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Date:   Tue, 25 Aug 2020 08:51:35 +0200
From:   Greg Kroah-Hartman <gregkh@...uxfoundation.org>
To:     Dmitry Vyukov <dvyukov@...gle.com>
Cc:     Himadri Pandya <himadrispandya@...il.com>,
        David Miller <davem@...emloft.net>,
        Jakub Kicinski <kuba@...nel.org>,
        linux-kernel-mentees@...ts.linuxfoundation.org,
        USB list <linux-usb@...r.kernel.org>,
        netdev <netdev@...r.kernel.org>,
        LKML <linux-kernel@...r.kernel.org>,
        syzkaller-bugs <syzkaller-bugs@...glegroups.com>
Subject: Re: [PATCH] net: usb: Fix uninit-was-stored issue in asix_read_cmd()

On Mon, Aug 24, 2020 at 10:55:28AM +0200, Dmitry Vyukov wrote:
> On Sun, Aug 23, 2020 at 12:57 PM Greg Kroah-Hartman
> <gregkh@...uxfoundation.org> wrote:
> >
> > On Sun, Aug 23, 2020 at 12:31:03PM +0200, Dmitry Vyukov wrote:
> > > On Sun, Aug 23, 2020 at 12:19 PM Greg Kroah-Hartman
> > > <gregkh@...uxfoundation.org> wrote:
> > > >
> > > > On Sun, Aug 23, 2020 at 11:26:27AM +0200, Dmitry Vyukov wrote:
> > > > > On Sun, Aug 23, 2020 at 10:21 AM Himadri Pandya
> > > > > <himadrispandya@...il.com> wrote:
> > > > > >
> > > > > > Initialize the buffer before passing it to usb_read_cmd() function(s) to
> > > > > > fix the uninit-was-stored issue in asix_read_cmd().
> > > > > >
> > > > > > Fixes: KMSAN: kernel-infoleak in raw_ioctl
> > > > > > Reported by: syzbot+a7e220df5a81d1ab400e@...kaller.appspotmail.com
> > > > > >
> > > > > > Signed-off-by: Himadri Pandya <himadrispandya@...il.com>
> > > > > > ---
> > > > > >  drivers/net/usb/asix_common.c | 2 ++
> > > > > >  1 file changed, 2 insertions(+)
> > > > > >
> > > > > > diff --git a/drivers/net/usb/asix_common.c b/drivers/net/usb/asix_common.c
> > > > > > index e39f41efda3e..a67ea1971b78 100644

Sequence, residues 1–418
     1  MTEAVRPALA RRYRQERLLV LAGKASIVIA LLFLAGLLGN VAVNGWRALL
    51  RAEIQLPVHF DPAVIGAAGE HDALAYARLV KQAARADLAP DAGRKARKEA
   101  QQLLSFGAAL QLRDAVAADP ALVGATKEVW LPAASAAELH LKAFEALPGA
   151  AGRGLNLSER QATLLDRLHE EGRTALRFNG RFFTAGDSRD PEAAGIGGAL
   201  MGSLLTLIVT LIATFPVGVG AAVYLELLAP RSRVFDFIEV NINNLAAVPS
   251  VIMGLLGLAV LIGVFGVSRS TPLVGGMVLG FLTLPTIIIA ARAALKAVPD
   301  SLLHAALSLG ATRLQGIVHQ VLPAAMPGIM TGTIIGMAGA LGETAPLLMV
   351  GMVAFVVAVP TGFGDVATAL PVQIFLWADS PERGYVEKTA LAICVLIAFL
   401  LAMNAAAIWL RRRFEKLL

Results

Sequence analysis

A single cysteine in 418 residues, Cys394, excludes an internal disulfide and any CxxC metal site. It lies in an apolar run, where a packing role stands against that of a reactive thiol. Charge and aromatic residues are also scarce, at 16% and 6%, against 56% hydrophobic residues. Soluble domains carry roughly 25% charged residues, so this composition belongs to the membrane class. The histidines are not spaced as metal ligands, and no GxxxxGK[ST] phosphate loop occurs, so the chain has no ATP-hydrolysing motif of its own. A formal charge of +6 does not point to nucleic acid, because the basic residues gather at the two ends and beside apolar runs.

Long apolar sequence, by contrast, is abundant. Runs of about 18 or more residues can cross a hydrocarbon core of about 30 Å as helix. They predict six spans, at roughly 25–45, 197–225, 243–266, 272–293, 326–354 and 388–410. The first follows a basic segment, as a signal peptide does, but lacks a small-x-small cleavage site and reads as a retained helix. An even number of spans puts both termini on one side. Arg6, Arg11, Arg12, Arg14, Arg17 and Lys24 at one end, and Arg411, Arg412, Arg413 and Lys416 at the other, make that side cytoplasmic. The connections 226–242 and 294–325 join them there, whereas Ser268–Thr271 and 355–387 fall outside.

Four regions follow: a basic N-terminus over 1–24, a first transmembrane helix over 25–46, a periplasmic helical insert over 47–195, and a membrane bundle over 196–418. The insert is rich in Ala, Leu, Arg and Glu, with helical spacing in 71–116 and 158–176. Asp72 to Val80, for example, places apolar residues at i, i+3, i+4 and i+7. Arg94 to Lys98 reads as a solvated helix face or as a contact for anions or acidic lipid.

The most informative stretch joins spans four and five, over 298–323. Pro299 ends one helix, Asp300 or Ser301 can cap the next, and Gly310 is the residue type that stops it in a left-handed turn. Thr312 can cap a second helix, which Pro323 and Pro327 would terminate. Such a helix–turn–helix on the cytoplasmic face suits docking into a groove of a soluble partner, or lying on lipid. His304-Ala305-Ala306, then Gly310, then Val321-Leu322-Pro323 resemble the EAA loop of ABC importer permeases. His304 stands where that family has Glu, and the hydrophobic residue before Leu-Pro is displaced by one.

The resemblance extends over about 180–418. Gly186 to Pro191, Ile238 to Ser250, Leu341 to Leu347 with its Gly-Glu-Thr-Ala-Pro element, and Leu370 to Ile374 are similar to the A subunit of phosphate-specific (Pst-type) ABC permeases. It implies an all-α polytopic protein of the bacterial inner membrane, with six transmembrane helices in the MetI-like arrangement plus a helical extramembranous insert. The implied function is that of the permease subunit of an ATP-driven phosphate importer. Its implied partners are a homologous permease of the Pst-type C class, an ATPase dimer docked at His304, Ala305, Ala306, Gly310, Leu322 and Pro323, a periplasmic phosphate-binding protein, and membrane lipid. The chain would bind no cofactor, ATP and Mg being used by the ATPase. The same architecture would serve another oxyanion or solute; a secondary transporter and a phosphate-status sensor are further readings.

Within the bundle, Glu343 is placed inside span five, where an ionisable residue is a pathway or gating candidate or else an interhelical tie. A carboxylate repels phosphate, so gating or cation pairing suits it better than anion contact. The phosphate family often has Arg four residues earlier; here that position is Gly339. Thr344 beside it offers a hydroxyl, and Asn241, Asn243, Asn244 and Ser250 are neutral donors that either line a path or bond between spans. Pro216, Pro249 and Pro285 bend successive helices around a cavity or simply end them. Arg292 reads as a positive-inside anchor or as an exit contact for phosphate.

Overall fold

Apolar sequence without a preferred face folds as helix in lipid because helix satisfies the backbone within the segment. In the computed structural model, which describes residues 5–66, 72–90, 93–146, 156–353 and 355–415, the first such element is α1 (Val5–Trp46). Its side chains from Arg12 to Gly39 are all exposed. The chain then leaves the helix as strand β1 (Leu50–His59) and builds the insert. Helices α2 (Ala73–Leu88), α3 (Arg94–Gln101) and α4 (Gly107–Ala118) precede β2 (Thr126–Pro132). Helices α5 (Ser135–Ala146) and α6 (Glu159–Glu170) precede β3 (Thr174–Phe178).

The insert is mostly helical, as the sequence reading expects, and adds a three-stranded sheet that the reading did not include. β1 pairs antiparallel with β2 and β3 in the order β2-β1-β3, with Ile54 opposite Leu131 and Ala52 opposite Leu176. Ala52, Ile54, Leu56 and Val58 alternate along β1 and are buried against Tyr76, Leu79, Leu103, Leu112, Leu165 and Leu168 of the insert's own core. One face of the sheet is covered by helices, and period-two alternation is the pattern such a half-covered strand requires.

> > > > > > --- a/drivers/net/usb/asix_common.c
> > > > > > +++ b/drivers/net/usb/asix_common.c
> > > > > > @@ -17,6 +17,8 @@ int asix_read_cmd(struct usbnet *dev, u8 cmd, u16 value, u16 index,
> > > > > >
> > > > > >         BUG_ON(!dev);
> > > > > >
> > > > > > +       memset(data, 0, size);
> > > > >
> > > > > Hi Himadri,
> > > > >
> > > > > I think the proper fix is to check
> > > > > usbnet_read_cmd/usbnet_read_cmd_nopm return value instead.
> > > > > Memsetting data helps to fix the warning at hand, but the device did
> > > > > not send these 0's and we use them as if the device did send them.
> > > >
> > > > But, for broken/abusive devices, that really is the safest thing to do
> > > > here.  They are returning something that is obviously not correct, so
> > > > either all callers need to check the size received really is the size
> > > > they asked for, or we just plod onward with a 0 value like this.  Or we
> > > > could pick some other value, but that could cause other problems if it
> > > > is treated as an actual value.
> > >
> > > Do we want callers to do at least some error check (e.g. device did
> > > not return anything at all, broke, hang)?
> > > If yes, then with a separate helper function that fails on short
> > > reads, we can get both benefits at no additional cost. User code will
> > > say "I want 4 bytes, anything that is not 4 bytes is an error" and
> > > then 1 error check will do. In fact, it seems that that was the
> > > intention of whoever wrote this code (they assumed no short reads),
> > > it's just they did not actually implement that "anything that is not 4
> > > bytes is an error" part.
> > >
> > >
> > > > > Perhaps we need a separate helper function (of a bool flag) that will
> > > > > fail on incomplete reads. Maybe even in the common USB layer because I
> > > > > think we've seen this type of bug lots of times and I guess there are
> > > > > dozens more.
> > > >
> > > > It's not always a failure, some devices have protocols that are "I could
> > > > return up to a max X bytes but could be shorter" types of messages, so
> > > > it's up to the caller to check that they got what they really asked for.
> > >
> > > Yes, that's why I said _separate_ helper function. There seems to be
> > > lots of callers that want exactly this -- "I want 4 bytes, anything
> > > else is an error". With the current API it's harder to do - you need
> > > additional checks, additional code, maybe even additional variables to
> > > store the required size. APIs should make correct code easy to write.
> >